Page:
If you’ve been pregnant, you’ve likely heard of the Quad or Triple Screen tests. Based on your beliefs and personal choice, you may have taken this maternal blood draw test. Allow me to tell you why the Quad Screen spells potential mental D-I-S-A-S-T-E-R for people with mild anxiety, or people like me with OCD (more on that another day).
During my first pregnancy in 2010, my doctor offered the quad screen during my second trimester as per obstetric standard. She stated that about half of patients at my clinic tend to take the screen. I’m an information junkie with major anxiety, so I just HAD to get it done. My results fell way within the reference ranges for all the trisomies it tests for (18 and 21), something like 1/several thousand for both. Surprisingly, I didn’t think much more about it for the rest of my pregnancy, and my daughter was born with the typical number of chromosomes. I was so traumatized by the forceps delivery pain, but happy with my healthy daughter.
Fast forward to my second pregnancy in 2012. Of course I took the quad screen, not even a question in my mind. My doctor emailed a few days later with the “normal” results. Naturally, I didn’t think much about it, and lived in relative peace for a few weeks (I say relative because I was working and dealing with a toddler). Finally and inevitably, my lovely OCD brain decided to tell me, “hey Kavin! You should totally look at your detailed results from the quad screen! Do it, do it, do it!” So I logged in to my trusted friend, My Chart. And lo and behold I saw this:
I know, it says the screen is within normal limits. But for Down Syndrome it says “Risk after test 270.” For those not familiar with how the Quad Screen works, it basically measures the levels of four analytes in the maternal bloodstream. Based on the comparative levels of these four, along with data like race, age, weight, gestational age, etc., it comes up with a statistical likelihood that the fetus carries certain genetic disorders. Needless to say, a statistical likelihood isn’t a yes or no answer, and some of us are real yes or no answer people.
Anyway, the cutoff listed by the lab that processed my sample is 1/150 for a flag. But then my obsessive brain said, “hey you! Check the cutoff for other labs. Because seriously, 1/270 seems too high for comfort. You went from a risk of 1/720 before the test to 1/270. That’s a lot, dude.” And oh boy did I find out that Mayo Clinic says the cutoff for a flag is 1/270. This is Mayo, and I trust them. Wow. Not cool. Don’t get me wrong, I’m not at all diminishing the value of individuals with Down Syndrome. I know they can be lovely people with unique personalities and fulfilling lives. This is not a debate on the value of Down Syndrome individuals. However, I am not strong enough to handle the potential health problems and heartache associated with the condition.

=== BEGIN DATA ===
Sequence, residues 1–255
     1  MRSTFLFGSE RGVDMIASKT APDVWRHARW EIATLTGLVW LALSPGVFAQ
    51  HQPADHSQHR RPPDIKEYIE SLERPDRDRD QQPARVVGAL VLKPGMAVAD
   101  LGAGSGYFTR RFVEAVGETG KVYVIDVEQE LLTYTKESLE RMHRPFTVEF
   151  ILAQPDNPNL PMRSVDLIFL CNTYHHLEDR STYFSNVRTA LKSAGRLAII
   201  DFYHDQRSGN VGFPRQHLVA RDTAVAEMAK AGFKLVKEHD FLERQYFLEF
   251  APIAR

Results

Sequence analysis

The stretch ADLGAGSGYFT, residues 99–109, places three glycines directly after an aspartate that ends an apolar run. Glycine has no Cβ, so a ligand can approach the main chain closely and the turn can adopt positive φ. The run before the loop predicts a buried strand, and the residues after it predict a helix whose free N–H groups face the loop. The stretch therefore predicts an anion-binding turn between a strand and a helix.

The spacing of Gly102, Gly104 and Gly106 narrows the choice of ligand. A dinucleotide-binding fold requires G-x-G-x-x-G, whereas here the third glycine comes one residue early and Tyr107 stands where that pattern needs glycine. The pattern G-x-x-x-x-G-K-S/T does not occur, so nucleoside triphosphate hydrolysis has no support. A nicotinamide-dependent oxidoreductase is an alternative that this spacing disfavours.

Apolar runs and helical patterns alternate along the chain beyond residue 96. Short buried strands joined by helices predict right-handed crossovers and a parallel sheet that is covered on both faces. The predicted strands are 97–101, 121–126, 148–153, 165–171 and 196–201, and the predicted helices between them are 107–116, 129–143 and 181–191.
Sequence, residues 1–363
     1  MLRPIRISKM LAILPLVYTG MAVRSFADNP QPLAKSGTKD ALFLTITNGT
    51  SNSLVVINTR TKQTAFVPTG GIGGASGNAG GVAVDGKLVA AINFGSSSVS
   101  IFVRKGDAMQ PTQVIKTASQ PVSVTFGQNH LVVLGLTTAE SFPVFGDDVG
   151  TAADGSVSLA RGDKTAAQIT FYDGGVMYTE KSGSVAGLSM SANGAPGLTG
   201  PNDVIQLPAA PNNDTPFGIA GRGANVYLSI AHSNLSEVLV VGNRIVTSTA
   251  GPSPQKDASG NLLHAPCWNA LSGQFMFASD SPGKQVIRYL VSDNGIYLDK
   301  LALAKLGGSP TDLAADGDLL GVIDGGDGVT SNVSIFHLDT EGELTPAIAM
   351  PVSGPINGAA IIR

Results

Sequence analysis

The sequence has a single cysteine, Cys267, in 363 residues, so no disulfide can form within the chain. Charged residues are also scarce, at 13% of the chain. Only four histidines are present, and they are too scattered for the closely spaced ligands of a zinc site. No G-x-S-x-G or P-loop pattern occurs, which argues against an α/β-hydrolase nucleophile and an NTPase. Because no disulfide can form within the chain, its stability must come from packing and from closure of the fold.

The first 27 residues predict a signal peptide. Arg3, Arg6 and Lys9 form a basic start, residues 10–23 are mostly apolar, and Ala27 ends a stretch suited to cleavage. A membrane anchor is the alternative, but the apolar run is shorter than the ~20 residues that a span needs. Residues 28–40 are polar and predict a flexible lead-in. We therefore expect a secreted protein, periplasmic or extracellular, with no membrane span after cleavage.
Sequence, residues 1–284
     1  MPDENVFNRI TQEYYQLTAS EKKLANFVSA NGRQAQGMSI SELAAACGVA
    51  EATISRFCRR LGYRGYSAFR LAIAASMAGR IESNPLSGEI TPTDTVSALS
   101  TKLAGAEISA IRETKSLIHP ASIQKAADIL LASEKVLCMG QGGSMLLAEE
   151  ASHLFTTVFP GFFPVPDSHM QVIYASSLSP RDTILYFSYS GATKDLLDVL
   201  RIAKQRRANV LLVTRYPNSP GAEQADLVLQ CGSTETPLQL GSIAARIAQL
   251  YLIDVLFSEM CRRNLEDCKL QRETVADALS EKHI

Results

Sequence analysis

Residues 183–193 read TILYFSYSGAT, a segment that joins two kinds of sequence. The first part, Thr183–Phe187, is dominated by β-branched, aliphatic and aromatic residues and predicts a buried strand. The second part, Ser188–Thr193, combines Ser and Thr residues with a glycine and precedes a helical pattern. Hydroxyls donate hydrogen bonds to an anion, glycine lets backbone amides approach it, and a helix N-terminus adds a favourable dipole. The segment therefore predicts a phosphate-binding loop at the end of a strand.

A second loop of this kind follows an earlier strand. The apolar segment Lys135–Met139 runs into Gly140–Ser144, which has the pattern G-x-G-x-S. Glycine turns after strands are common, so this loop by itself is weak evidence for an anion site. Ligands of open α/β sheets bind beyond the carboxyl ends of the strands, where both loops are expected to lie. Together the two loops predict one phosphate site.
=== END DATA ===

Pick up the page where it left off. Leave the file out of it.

I also understand genetics and statistics enough to have known, rationally, what these numbers meant. I heard from various health professionals and family members that you can’t compare one lab’s cutoff to another’s, yadda yadda yadda. But I wanted a more conclusive answer. So, I visited a genetic counselor.
This wonderful woman validated my concerns, although they didn’t necessarily deserve validation. Once she knew I understood the results, she offered me the Maternit21 test. I had heard of the test, but didn’t know it was available to me. For those of you not familiar with Maternit21, it detects the levels of certain chromosomes in the maternal bloodstream to test for common chromosomal abnormalities, as well as presence of absence of Y chromosome. Feel free to read more about it, but basically this is as close to a yes or no answer you can get without invasive testing. Miss Incredible Genetic Counselor said insurance wouldn’t cover it, but that Sequenom was only charging patients a max of 300-ish dollars. Let me tell you, I handed over my credit card and had my blood drawn before I left the clinic. I told myself that if the results came back negative, I would not allow myself any more mental strife on this subject.
A little over a week later, I got the call that my results were normal. Normal! And on top of that, the test had detected presence of Y chromosome in my bloodstream. Meaning unless I unknowingly carried some really uncommon permutation of sex chromosomes, my baby was definitely a boy. (We already suspected this, as we’d had the 20 week ultrasound by then, and were told, “that is definitely not a leg.”)
Fast forward a few months, and my baby boy was born with a typical number of chromosomes. The epidural didn’t work so well again. Still, I was thrilled to email the genetic counselor to confirm the Maternit21 results were accurate, and to thank her profusely again. Disclaimer: I don’t work for Sequenom, but I would highly recommend this to anyone with mild to moderate anxiety, OCD, or just pregnancy cray. It’s worth the peace of mind, especially if you already have a toddler.
Note- Here is a related piece from the author: Richard Dawkins’ moral policing aside, new era of fetal diagnostics underway